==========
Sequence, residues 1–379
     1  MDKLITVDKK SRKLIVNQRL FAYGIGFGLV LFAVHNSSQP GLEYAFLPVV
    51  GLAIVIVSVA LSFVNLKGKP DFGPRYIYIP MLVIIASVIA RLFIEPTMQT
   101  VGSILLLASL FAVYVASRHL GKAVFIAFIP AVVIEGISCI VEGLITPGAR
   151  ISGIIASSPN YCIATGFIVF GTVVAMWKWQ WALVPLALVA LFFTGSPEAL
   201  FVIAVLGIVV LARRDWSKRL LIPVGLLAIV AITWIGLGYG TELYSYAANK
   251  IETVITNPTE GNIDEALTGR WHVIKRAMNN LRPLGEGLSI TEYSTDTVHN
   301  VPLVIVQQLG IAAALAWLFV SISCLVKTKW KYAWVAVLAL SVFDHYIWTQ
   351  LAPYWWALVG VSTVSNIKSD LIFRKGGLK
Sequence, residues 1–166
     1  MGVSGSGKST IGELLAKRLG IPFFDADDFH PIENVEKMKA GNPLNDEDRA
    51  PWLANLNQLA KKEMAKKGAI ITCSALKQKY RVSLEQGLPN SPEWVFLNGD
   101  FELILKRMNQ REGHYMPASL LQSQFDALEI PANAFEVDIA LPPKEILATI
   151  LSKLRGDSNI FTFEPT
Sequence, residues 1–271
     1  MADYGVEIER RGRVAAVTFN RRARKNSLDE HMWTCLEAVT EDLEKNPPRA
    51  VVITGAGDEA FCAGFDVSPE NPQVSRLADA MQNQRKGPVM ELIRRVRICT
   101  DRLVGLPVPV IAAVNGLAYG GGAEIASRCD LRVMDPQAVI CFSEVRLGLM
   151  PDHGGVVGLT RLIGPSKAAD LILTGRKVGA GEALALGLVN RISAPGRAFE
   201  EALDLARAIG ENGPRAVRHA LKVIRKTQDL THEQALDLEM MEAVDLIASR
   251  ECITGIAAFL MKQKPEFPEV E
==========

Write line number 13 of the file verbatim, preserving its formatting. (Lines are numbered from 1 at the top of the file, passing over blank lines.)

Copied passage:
   101  FELILKRMNQ REGHYMPASL LQSQFDALEI PANAFEVDIA LPPKEILATI